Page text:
Nearly three quarters of businesses face recruiting difficulties

Kirstie Pickering speaks to small businesses for their take on recent findings that nearly 75% of SMEs have struggled to hire in the past year.

Our experts

We are a team of writers, experimenters and researchers providing you with the best advice with zero bias or partiality.
Written and reviewed by:

The British Chamber of Commerce (BCC) has found that 73% of firms attempting to recruit faced difficulties in Q3, according to its quarterly recruitment report.

The survey of nearly 5,000 UK companies found that the hospitality sector continues to suffer the most, with 79% reporting hiring challenges in Q3. This is closely followed by both construction and manufacturing at 78%, and 72% of retail businesses said they had experienced recruitment issues.  

Of the hospitality businesses reporting problems, 58% faced difficulties in finding semi or unskilled workers, and 41% said they struggled to hire skilled manual or technical staff. 

In the construction and engineering sector, 78% faced problems getting skilled manual or technical workers, but just 21% said the same for semi or unskilled hiring.  

As businesses continue to face an abundance of economic hurdles, most are still reporting no increase to investment in workplace training – only 27% reported an increase in staff training and 13% reported a drop in spending for this.

Labour costs were cited by 66% of companies as a source of cost pressure, and 59% say they’re concerned about energy costs.  

Hiring for SMEs

So, how are the UK’s small businesses finding the hiring landscape at present? The results are mixed.

We work in a field that’s both in demand and on trend,” Natalie Sherman, founder and director of Wiltshire-based communications agency Naturally Social, told Startups. “Combine that with being a small business in a rural location unable to meet soaring salary costs or offer ‘Google-esque’ office space, and we’re really struggling to find experienced professionals to fill the roles we have. 

“We hired early-stage career talent during and after the pandemic but they moved on quickly – too quickly. It can be exhausting!”

But the hiring process has proved successful in Q3 for MattressTek, a Lancashire-based small business that produces machinery for the mattress industry. The business has hired three new members of staff in the past month and also took on four employees from a supplier that was closing.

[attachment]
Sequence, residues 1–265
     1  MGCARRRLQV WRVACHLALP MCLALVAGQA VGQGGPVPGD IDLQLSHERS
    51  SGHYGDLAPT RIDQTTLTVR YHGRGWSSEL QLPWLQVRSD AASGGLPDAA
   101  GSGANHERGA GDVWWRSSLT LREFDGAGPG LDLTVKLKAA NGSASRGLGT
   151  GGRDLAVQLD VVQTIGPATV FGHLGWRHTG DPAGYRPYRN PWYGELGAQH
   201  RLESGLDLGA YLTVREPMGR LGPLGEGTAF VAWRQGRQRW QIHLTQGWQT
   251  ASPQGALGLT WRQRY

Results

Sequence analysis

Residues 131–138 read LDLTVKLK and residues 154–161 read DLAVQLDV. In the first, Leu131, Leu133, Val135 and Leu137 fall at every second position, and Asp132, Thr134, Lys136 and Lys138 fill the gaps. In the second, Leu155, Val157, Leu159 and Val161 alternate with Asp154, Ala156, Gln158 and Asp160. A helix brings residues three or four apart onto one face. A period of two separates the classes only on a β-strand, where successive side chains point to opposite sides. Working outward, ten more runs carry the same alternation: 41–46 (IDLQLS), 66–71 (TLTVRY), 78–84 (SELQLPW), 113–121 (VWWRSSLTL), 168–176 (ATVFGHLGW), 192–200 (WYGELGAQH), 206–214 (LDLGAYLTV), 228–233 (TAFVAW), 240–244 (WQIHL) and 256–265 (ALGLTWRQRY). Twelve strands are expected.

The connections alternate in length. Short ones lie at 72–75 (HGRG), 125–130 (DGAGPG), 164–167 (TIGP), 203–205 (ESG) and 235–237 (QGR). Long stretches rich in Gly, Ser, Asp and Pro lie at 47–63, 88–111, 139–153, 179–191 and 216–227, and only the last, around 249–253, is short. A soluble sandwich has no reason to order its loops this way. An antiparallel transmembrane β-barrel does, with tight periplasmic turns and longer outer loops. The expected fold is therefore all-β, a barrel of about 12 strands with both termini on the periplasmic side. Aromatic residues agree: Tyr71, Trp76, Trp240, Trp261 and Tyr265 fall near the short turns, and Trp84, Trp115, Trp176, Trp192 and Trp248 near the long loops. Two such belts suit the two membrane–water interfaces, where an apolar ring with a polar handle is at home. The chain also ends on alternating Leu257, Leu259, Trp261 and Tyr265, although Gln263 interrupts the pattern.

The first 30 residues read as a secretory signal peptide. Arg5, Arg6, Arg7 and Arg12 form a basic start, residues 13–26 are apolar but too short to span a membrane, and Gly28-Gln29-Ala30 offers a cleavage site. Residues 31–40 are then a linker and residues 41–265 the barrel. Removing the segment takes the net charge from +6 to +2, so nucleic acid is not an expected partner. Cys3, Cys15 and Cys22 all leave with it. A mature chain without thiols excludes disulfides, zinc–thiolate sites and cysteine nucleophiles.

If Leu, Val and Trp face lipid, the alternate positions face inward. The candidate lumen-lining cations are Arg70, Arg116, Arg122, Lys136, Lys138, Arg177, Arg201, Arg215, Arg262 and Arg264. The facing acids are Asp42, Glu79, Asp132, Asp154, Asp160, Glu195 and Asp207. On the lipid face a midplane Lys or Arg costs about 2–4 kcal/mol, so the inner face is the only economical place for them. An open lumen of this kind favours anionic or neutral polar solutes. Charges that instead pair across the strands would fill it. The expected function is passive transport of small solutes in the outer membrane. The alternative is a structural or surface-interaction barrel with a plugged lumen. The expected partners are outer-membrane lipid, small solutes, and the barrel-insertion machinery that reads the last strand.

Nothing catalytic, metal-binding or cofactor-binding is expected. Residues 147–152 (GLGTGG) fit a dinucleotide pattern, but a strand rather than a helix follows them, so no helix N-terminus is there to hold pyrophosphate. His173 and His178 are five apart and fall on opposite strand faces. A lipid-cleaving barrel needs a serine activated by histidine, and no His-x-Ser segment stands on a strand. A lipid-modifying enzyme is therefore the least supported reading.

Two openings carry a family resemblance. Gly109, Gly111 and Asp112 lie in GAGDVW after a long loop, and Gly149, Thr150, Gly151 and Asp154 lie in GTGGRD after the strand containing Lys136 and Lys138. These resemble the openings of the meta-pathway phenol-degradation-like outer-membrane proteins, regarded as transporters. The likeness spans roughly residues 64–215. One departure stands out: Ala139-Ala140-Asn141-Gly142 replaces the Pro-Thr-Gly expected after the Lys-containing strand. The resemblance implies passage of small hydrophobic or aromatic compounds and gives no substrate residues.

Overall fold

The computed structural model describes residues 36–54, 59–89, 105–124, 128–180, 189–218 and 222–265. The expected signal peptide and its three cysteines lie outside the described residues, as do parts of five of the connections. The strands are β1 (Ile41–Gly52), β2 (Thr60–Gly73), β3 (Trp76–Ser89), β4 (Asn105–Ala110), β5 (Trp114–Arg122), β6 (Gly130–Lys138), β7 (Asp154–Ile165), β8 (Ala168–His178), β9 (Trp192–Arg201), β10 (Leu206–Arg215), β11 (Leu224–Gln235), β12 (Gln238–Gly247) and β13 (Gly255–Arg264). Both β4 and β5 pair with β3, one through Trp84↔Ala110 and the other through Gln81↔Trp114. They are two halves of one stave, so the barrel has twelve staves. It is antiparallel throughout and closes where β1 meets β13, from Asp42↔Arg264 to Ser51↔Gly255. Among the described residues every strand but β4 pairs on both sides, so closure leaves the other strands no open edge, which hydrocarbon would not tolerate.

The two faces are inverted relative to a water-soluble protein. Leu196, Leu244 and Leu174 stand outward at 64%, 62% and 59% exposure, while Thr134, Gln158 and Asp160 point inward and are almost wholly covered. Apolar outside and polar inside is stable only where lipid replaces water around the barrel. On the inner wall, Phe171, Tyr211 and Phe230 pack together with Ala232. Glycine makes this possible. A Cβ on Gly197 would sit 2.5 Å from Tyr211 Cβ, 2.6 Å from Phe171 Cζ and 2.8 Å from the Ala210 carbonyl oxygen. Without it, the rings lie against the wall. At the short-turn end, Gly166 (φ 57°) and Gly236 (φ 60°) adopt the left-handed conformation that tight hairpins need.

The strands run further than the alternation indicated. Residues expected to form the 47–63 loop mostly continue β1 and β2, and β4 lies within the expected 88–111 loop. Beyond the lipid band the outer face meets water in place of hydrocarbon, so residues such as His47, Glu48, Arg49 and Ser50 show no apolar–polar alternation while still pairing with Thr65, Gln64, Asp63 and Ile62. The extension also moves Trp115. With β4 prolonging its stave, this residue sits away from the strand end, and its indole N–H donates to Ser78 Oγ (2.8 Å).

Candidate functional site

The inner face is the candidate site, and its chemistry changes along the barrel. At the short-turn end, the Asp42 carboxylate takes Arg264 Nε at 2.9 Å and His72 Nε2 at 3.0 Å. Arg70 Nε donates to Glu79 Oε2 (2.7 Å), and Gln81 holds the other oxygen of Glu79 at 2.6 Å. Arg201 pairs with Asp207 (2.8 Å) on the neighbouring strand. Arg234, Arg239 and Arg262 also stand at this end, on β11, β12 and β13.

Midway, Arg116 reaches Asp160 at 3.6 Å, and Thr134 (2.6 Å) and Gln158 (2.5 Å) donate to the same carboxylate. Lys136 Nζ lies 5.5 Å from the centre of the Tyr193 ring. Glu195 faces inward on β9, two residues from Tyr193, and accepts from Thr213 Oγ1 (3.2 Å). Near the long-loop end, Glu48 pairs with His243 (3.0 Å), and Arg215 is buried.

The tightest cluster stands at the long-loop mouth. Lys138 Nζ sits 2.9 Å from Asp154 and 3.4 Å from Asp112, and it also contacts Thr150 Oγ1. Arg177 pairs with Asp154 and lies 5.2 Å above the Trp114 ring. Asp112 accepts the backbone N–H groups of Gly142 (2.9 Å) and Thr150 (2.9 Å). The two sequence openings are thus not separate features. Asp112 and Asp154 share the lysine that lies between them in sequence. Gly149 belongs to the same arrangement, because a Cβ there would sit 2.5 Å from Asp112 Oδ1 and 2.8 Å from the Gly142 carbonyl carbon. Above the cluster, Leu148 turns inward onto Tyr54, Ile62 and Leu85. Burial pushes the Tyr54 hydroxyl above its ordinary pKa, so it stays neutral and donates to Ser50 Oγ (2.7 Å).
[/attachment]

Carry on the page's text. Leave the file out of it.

“We have previously struggled to attract and retain labourers who joined us due to the range of tasks required to be undertaken, but the current hire seems to be enjoying them and has cemented himself into the team,” says Shaun Peel, technical director at MattressTek. 

“We recruited various design engineers who agreed to start, and then accepted a pay rise from the company where they were. We get calls from agencies all the time trying to put people forward or offering to find people to match the requirements, but we have been conscious of the costs and use the likes of Indeed instead.”

Better times ahead?

Geoff Newman, founder of recruitment advertising company Starget, says while many small businesses are struggling to recruit, the situation is improving. Those who are successfully recruiting are doing so by offering increased salaries and advertising their jobs on multiple sites, he says.

“From a very slow start in July and August, there has been an uptick in applications in September, increasing 21% year-on-year,” Newman told Startups. “More jobseekers have entered the market having recently passed their exams, or because people are feeling the pinch so they need additional income.

“The biggest drop in recruitment is hospitality and catering, having seen a 40% year-on-year decrease in September in applications. 

“After the upheaval of COVID-19, things are beginning to normalise, falling back from an all-time high stimulated when the economy reopened after the pandemic. Whilst there are headwinds in the economy denting some company's confidence to hire, the sentiment appears largely “business as usual”.”

Relevant content

Mid shot of Kirstie Pickering freelance journalist.
Kirstie Pickering - business journalist

Kirstie is a freelance journalist writing in the tech, startup and business spaces for publications including Sifted, TNW, UKTN, The Business Magazine and Maddyness UK. She also works closely with agencies such as CEW Communications to develop content for their startup and scaleup clients.

Written by:

Leave a comment

Leave a reply

We value your comments but kindly requests all posts are on topic, constructive and respectful. Please review our commenting policy.

Back to Top